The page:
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  #1 (permalink)  
Old Mon Jun 10, 2019, 12:49pm
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hesitation rule -

Coaching a tourney this weekend and had a Hesitation Rule call that I had not really heard before. Honestly, havent seen a lot of hesitation calls since 10U when girls with runner at 3B would round the bag stop and get called.

Anyhow, this weekend in 18U PGF game runner at 3B, ball 4 to batter which we called after ball 3 what we wanted defense to do if by some chance runner broke - runner slows down, then stops for a brief second then continues on to 2B - ball in circle, P did not engage the runner.

Umpire acknowledged our call for Hesitation, but said "thats her 1 allowed stop". He then noted to his partner "she stopped, her 1 allowed stop". Had not heard that interpretation before.

As I walked back I asked home plate ump if that was his interpretation as he is a really good ump and wanted to hear where I was amiss from my longtime understanding of the rule, he didnt really respond because I guess I did not go through proper channels but my thought was that if your partner quotes a rule that is not correct saying "I have her 1 allowed stop" that I shouldnt have to ask for help if you know he is wrong, confer and get it right. After the game he said he did not see rule the way partner ruled on the field.

So two part question:
* Little help on rule - does runner get 1 "stop"
* Expectations if you disagree with partners rule interpretation that he says outloud? Is that something you need HC to ask for help with or when he verbalizes it to the field, is it assumed at that point if you disagree you should discuss?
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Old Mon Jun 10, 2019, 01:11pm
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It's the Look Back Rule, not hesitation. To paraphrase, the rule says when the pitcher has the ball in the circle and is not attempting a play on any runner. All runners on base, must stay on base. Any runner off base must immediately return to prior base or proceed to next base. They are allowed to stop once, but must immediately go to one base or the other.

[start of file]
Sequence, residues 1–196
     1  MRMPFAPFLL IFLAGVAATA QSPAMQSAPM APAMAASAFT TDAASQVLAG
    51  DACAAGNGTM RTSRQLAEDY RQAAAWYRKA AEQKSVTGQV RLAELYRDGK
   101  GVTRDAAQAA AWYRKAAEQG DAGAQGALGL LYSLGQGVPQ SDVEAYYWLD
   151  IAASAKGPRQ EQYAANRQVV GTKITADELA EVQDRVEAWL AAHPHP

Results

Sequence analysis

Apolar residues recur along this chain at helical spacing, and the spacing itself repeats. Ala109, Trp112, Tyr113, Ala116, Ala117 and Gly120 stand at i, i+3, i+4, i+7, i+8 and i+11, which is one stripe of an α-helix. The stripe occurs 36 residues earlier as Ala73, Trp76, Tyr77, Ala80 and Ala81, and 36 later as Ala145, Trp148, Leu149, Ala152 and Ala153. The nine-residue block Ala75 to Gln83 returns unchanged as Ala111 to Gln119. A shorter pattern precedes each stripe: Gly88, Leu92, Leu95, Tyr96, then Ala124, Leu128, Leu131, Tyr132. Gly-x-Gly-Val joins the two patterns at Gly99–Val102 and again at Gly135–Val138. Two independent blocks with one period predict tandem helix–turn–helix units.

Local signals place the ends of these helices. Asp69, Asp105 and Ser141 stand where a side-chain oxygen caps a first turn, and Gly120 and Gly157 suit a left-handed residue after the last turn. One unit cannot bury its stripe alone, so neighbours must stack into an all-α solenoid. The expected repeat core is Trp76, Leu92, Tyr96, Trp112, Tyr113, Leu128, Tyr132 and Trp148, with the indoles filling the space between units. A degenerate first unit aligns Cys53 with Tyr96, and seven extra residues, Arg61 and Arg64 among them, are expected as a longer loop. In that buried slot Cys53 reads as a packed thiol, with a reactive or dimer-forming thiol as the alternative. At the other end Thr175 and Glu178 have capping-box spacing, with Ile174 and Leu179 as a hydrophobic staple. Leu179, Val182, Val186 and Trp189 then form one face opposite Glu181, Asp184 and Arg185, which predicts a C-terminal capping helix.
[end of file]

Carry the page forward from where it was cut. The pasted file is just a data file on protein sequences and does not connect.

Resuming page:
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Old Mon Jun 10, 2019, 01:46pm
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When a batter receives a base on balls, and the ball is in the circle, any other baserunners may be off their respective bases until the walked batter touches 1B, at which time they must return non-stop to their base, or proceed non-stop to the next base.

If a baserunner is already standing on her base when the walked batter touches 1B, that baserunner may not leave the base.

The walked batter may round 1B and proceed any distance toward 2B. She is entitled to her 1 stop between the bases, after which she must return non-stop to 1B or proceed non-stop to 2B.
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Old Mon Jun 10, 2019, 03:45pm
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Quote:
Originally Posted by jmkupka View Post
When a batter receives a base on balls, and the ball is in the circle, any other baserunners may be off their respective bases until the walked batter touches 1B, at which time they must return non-stop to their base, or proceed non-stop to the next base.

If a baserunner is already standing on her base when the walked batter touches 1B, that baserunner may not leave the base.

The walked batter may round 1B and proceed any distance toward 2B. She is entitled to her 1 stop between the bases, after which she must return non-stop to 1B or proceed non-stop to 2B.
Hitting 3 nails on the head all at once.
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Old Mon Jun 10, 2019, 03:50pm
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Quote:
Originally Posted by parrothead View Post
* Expectations if you disagree with partners rule interpretation that he says outloud? Is that something you need HC to ask for help with or when he verbalizes it to the field, is it assumed at that point if you disagree you should discuss?